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Human Stem Cells: Scientific and Societal Impacts


Last year, UC Berkeley established its multidisciplinary Stem Cell Center and was among the first recipients of research money from the California Institute for Regenerative Medicine (CIRM) created by the passage of California’s Proposition 71. Complementing its basic research initiatives, the University will use the CIRM grant to educate lawyers and humanists in the unique bioethical, sociological, and legal issues raised by stem cell research.

Please join Professors Randy Schekman and Charis Thompson as they explore both the science and the social implications of this emerging field. Chancellor Robert J. Birgeneau, a member of California’s Proposition 71 stem cell oversight committee, will introduce the lecture.


Robert J. Birgeneau

Birgeneau, an internationally distinguished physicist, served as the ninth chancellor of UC Berkeley from 2004–13. Well known for his commitment to diversity and equity, he successfully advanced a vision of “Access and Excellence.” Prior to Berkeley, he was president of the University of Toronto for four years and on the faculty at the Massachusetts Institute of Technology for 25 years. He is a fellow of the U.S. National Academy of Sciences, the Royal Society of London, the American Philosophical Society, the American Academy of Arts and Sciences, and other scholarly societies.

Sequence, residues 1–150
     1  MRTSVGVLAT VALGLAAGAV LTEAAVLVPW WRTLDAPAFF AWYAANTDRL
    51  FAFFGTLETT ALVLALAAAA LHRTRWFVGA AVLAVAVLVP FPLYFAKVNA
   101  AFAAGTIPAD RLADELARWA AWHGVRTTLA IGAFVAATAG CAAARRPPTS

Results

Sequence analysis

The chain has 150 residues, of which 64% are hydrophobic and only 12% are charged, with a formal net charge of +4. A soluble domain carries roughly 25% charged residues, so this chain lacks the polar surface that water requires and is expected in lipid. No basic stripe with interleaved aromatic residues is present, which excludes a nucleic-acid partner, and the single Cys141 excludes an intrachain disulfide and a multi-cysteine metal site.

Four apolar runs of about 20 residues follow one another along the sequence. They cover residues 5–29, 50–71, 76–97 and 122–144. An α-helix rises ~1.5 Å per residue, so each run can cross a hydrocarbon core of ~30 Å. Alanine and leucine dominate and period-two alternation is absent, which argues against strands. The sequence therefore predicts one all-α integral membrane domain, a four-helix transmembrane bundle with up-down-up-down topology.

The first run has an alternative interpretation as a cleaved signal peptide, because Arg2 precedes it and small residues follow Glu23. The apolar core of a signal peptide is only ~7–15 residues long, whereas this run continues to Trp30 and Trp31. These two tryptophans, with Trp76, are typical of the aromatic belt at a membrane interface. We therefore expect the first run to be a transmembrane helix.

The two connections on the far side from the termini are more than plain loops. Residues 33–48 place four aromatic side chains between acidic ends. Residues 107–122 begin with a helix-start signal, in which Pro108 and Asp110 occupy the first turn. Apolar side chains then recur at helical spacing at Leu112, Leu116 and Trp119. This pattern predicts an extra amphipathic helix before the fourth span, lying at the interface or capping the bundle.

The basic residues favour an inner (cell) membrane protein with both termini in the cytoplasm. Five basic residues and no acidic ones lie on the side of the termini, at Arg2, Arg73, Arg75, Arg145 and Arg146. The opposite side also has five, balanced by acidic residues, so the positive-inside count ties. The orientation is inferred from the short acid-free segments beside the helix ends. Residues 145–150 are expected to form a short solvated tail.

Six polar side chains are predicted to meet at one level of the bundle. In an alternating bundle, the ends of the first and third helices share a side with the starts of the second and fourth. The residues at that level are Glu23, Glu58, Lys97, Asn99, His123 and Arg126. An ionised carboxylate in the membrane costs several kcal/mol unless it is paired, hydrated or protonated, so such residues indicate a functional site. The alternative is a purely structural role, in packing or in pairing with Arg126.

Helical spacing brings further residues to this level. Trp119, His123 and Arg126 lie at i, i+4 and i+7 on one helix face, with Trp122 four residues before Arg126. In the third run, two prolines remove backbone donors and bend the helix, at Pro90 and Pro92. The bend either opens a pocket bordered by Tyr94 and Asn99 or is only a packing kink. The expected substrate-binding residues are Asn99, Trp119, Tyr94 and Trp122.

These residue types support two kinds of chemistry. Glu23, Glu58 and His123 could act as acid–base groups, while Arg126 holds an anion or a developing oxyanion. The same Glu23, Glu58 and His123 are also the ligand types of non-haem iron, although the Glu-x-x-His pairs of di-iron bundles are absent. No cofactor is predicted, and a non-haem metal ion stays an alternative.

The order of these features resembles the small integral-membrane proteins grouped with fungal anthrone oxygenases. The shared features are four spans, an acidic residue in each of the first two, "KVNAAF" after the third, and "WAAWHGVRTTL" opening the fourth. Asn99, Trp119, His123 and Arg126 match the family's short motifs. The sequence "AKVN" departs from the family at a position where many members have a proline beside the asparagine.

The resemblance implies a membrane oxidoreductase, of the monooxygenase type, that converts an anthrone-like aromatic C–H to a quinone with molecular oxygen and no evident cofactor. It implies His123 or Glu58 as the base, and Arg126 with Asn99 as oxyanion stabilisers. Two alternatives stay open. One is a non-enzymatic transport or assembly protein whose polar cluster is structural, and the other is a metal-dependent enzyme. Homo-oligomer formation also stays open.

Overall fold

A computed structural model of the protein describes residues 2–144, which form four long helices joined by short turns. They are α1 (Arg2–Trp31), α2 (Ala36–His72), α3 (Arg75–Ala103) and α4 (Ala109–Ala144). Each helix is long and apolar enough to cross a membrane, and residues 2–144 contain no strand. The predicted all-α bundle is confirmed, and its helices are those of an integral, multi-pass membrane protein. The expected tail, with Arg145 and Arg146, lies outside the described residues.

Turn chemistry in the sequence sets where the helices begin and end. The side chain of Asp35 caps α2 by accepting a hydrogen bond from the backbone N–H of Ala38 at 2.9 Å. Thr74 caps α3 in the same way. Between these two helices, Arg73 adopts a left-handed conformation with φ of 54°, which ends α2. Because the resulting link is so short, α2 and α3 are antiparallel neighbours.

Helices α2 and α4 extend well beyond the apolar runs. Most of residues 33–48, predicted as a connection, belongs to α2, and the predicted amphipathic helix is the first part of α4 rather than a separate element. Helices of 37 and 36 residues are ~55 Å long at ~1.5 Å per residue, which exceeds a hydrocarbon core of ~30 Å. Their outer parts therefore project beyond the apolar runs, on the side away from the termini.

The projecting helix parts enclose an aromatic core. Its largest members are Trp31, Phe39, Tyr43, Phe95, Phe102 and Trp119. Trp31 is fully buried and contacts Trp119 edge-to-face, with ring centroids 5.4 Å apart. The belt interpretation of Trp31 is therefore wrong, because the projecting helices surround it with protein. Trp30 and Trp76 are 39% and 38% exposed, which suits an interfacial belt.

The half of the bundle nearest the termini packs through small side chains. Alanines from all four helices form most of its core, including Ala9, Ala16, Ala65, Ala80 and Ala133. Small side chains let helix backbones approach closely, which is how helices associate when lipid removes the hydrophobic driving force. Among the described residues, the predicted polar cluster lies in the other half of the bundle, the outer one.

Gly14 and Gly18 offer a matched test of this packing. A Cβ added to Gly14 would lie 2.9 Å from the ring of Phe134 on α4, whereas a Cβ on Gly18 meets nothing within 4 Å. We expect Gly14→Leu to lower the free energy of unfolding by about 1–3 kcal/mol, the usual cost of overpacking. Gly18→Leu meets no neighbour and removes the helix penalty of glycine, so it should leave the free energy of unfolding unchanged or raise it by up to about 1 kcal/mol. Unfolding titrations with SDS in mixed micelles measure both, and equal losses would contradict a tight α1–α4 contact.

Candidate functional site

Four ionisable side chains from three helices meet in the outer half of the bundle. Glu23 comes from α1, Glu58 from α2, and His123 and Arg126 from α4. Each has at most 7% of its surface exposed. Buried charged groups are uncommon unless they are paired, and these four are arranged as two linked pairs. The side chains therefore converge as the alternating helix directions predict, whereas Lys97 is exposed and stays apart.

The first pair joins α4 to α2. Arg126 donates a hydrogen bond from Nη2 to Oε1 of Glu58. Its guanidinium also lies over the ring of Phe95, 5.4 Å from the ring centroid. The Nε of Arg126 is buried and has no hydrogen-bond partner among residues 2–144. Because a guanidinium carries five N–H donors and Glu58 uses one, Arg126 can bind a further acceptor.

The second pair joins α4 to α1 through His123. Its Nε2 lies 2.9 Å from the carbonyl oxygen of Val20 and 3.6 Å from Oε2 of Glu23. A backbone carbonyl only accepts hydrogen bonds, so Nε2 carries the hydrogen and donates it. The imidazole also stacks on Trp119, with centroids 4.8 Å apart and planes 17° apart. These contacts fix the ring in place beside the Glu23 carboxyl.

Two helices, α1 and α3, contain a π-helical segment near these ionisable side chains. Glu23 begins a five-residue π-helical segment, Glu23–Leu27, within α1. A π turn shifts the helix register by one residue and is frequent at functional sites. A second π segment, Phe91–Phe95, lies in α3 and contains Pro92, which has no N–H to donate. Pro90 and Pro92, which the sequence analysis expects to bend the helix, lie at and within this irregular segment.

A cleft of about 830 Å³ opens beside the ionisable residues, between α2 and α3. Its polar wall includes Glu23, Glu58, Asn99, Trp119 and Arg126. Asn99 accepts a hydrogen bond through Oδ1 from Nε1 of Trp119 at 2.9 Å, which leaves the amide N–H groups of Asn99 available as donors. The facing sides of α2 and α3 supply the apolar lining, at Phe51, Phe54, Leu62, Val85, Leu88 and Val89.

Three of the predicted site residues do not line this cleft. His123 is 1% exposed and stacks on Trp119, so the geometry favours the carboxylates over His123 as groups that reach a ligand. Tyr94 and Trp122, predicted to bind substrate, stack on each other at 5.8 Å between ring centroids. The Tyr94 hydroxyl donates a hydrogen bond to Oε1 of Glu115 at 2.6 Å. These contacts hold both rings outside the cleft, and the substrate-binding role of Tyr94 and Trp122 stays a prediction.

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Randy Schekman

Schekman is a professor of molecular and cell biology at Berkeley, an adjunct professor of biochemistry and biophysics at UCSF, a member of the National Academy of Sciences, and an investigator at the Howard Hughes Medical Institute. Schekman shared the 2013 Nobel Prize for Physiology or Medicine with James Rothman and Thomas C. Südhof for their work on cell membrane vesicle trafficking.

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Charis Thompson

Thompson is Chancellor’s Professor and Chair of Gender & Women’s Studies, and a former founding director of the Science, Technology, and Society Center at UC Berkeley. She is an expert on the ethics of reproductive technologies and stem cell research. She read philosophy, psychology, and physiology at Oxford University, and got her Ph.D. from the Science Studies program at UC San Diego.

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